jstition, has been red ever since.
There, too, are the gnarled old live
oaks in the centre of the field, still
scarred and marked with the prints of
cannon balls and shells. And there,
too, in the neighborhood, you may
find an old negro, who can amuse
you by the hour with his reminis-
cences of the battle, and at the close
his story drive a profitable trade
with you in sundry rusty musket
balls peradventure, in some of La
fi tie's (alias Dominique YouV) chain
shot, which rained such destruction
into the British ranks.
"Anecdotes of the
Peerage," says "It has often oc
cured to us that a very interesting
paper might be written on the rise
and fall of English families. Truly
does Dr. Borlase remark, that "the
most lasting house have only their
season, more or less, of a certain
constitutional strength; they have
their spring and summer, sunshine
glare, their wane, decline, and
death." Take, for example, the
Plantagenets, the Staffords and the
Nevilles, the three most illustrious
names on the roll of English nobili
What race in Europe surpassed,
royal position, in personal acheive
ment our Edwards and our Henry's,
vet we find the great grandson
Margret Plantagenet, daughter
heiress of George, Duke of Clar-
ance, following the cralt of a cob
bler in the little town of Newport
Shrypshire, in the year 1638.
Besides, if we are to investigate into
fortune of many of the inheri
tors of the royal arms it would soon
discovered that "the aspiring
blood of Lancaster" had sunk into
ground. The princely streams
flows at the present day through
very humble veins. Among the
lineal decendants of Edmund of
Woodstock, Earl of Kent, sixth son
Edward I, King of England, enti
tled to a quarter of the royal arms,
occur Mr. Joseph Smart of Hale
sown, butcher, and Mr. George Wil
mont, keeper of the turnpike-gate at
Cooper's-bank near Dudley, and
among the decendants of Thomas
Plantagenet. Duke of Gloucester,
son of Edward III, we may
mention Mr. Stephen James Penny,
late sexton of St. George's Hano
A pamphlet by Dr. Franklin, en
titled "A Dissertation on Liberty and
Necessity, Pleasure and Pain," writ
ten and printed by him in London,
the age of eighteenn years which
mentions in his memoirs, and
most of the copies of which he after
wards burnt, has been recently dis
covered in London. It ,has been
hitherto thought to be lost.
Consumption. Statistics by the
American Medical Association repre
sents that in the city of Boston, du
ring the three years from 1846 to
1849, there were 6.SSS deaths from
consumption alone, while in the
same period the deaths from typhus
lever were only U.azo, and those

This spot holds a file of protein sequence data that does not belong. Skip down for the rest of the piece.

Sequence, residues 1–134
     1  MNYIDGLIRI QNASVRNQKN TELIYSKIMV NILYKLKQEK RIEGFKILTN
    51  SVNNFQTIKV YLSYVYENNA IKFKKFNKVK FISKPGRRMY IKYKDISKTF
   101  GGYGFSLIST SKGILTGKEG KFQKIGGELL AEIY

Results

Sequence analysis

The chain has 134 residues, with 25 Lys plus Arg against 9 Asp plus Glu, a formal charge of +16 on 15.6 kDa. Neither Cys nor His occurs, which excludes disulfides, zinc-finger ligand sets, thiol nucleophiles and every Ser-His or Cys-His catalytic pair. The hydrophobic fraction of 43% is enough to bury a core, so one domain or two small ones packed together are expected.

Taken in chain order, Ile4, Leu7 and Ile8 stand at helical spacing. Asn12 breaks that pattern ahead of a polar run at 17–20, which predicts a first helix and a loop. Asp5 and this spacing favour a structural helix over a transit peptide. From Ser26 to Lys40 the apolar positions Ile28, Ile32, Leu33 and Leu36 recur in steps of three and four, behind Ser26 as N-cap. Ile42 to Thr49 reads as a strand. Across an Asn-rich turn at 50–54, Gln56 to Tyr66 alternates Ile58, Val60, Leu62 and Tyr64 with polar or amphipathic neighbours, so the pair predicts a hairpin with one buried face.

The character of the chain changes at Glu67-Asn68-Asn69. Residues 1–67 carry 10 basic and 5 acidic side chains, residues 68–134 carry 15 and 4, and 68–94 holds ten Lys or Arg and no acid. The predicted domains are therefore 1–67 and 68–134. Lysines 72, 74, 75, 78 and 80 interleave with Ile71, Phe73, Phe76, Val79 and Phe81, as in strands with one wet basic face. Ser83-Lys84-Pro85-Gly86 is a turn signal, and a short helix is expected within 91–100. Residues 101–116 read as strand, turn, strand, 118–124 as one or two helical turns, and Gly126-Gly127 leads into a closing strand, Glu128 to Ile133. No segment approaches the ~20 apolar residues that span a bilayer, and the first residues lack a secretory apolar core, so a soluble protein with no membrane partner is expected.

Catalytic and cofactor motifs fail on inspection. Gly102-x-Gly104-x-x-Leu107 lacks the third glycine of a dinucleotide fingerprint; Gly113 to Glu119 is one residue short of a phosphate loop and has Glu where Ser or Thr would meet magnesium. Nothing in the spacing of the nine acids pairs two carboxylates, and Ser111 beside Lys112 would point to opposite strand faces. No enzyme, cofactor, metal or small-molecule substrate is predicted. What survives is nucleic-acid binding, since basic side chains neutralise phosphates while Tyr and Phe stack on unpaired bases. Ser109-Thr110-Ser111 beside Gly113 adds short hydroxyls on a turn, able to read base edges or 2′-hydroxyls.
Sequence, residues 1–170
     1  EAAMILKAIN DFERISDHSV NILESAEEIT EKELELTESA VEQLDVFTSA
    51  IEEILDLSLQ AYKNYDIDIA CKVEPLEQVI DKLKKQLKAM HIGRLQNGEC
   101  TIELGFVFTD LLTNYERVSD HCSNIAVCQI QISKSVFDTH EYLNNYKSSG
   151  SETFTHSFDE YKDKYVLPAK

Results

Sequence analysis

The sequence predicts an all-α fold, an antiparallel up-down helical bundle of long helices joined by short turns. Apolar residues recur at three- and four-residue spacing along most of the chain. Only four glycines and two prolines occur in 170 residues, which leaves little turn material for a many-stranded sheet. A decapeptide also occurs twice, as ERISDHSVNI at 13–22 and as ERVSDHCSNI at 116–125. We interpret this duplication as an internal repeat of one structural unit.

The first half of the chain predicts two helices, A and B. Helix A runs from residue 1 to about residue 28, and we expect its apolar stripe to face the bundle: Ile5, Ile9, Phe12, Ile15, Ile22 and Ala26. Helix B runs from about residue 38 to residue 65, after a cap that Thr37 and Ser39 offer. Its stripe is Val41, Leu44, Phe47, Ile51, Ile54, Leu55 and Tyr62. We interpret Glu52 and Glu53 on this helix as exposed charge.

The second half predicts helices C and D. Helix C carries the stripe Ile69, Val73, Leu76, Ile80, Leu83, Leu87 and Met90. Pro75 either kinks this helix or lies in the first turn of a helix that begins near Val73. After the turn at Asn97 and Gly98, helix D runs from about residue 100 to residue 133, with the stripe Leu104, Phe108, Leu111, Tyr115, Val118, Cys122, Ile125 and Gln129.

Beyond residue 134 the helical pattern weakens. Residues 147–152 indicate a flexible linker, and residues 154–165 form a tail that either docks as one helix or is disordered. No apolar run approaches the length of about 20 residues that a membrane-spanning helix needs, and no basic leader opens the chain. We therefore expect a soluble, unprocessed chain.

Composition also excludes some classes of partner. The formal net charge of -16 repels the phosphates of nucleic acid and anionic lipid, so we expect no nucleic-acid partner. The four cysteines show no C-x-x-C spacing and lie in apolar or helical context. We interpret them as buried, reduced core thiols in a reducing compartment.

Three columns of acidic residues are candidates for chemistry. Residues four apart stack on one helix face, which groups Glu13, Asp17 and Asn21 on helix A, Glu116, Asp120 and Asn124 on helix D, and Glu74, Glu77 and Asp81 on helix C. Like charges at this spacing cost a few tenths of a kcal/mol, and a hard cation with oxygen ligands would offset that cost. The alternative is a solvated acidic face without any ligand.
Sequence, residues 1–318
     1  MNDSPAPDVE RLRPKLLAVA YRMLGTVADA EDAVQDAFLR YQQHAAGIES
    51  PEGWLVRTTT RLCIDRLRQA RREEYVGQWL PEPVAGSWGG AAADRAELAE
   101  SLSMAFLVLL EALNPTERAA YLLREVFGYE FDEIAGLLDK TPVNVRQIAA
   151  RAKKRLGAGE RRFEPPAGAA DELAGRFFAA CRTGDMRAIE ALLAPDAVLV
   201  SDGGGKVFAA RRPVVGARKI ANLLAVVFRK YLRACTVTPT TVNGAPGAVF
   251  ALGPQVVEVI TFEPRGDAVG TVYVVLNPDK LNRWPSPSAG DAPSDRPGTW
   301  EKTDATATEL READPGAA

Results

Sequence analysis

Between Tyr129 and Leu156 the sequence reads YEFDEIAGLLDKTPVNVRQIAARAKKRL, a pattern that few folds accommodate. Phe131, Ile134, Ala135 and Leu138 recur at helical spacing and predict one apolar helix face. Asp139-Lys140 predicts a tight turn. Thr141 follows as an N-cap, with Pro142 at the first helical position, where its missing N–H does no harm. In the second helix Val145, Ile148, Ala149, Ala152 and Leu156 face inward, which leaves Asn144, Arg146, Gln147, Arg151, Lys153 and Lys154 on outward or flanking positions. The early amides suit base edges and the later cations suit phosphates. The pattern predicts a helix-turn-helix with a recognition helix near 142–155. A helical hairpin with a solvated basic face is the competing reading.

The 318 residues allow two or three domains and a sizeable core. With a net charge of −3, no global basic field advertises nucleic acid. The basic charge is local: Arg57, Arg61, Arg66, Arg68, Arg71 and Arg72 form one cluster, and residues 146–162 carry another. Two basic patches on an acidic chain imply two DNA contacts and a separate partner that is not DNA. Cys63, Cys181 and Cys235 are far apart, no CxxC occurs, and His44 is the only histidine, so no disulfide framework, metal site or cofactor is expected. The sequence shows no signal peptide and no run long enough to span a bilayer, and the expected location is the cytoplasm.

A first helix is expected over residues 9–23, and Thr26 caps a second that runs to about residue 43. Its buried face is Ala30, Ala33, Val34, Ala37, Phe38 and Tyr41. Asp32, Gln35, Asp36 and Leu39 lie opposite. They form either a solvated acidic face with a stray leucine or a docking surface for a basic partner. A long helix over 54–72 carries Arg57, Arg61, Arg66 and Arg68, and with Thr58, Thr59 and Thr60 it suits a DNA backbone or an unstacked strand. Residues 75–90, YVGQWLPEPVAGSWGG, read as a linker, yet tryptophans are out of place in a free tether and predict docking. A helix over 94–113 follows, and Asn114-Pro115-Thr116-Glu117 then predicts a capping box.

from dysentery only 1,606. In the
five years from 1 S 14 to 1S49, there
were in Massachusetts 13,004 deaths
from diseases of the respiratory sys
tem 30 per cent, of the whole
mortality. In Lowell, in every 10,
000 deaths 2,500 are from lung dis
eases. According, to the lately
published registration of mortality
in Massachusetts, there were in 1S49,
4,634 deaths from diseases of the
respiratory organs; .a greater num
ber, by thousands, than were caused
by the diseases of any other set of
It will be seen from statistics like
these, that consumption is very pro
perly called the "Scourge of New
England." Cholera, small pox, and
all other epidemic and infectious dis
eases combined have never been,
and will probably never be, such
causes of deathas this one disease of
It is evident to any thinking man
that these terrible results flow
from fatal mistakes in living. New
England has no fatal miasms, com
paratively no squalid poverty, and,
necessarily, no unhealthy food.
Our territory is covered with com
fortable dwellings, our hills rejoice
under the purest of air, vegetable
and animal come to a healthy ma
turity for the (ood of man, and the
materials of clothing are abundant.
Where lies the secret of the destroy
er? In our opinion, the answ er to this
question lies in skins debiliaied in
suffocating stove heat, to such an
extent as to make them susceptible
to the influence ol every otherwise
healthy breeze, and to every change
n the atmosphere. There is no
adaptation of clothing to tempera
ture, and there is, ui every country
town, a system of living in reeking
kitchens, stifling with their heat and
steam, that is adapted exactly, to the
production of pulmors diseases.
DC7"The following is an extract
a letter dated Sacramento, Feb
ruary 18, 1852, which we copy from
the Detroit Free Press. The pic
ture drawn is a true one we well
know, and is worth a serious reading
those California inclined:
"There are scores of able-bodied,
well-educated, industrious men here,
who are destitute of means, and
would gladly carry a hod, or wheel
barrow for their daily Tood. Some
them have tried the 'digging,'
and failing utterly in a pursuit, which
demands the strength and endurance
a horse, the constitution of
giant, and 'us many lives as a cat,'
have managed to crawl as far ns
here, and now hang about the streets
and taverns, pale and ragged, watch
ing for any employment, however
menial its character. With such
objects all around me, I am greatlv
lavored, at having found even the
humble employment of reporting the
speeches of Senators, at which,
thanks to my scanty acquirements
phonography, I am earning at
least $1 per day over my expenses!
And yet 1 see, constantly, profession
al men, who stood well in the old
States, that wait on table, and carry
trunks to and from the boats, for
want of anything better to do."
Some Telegraphist in this city, on
Wednesday night last, probably for
want of substantial material for a
new dispatch, has given circulation
through distant newspapers to a story
a misunderstanding having occur
in the Cabinet, followed by a re
quest from the President to one of its
members to resign his office. It is
scarcely necessary for us to say, to
prevent well-informed persons from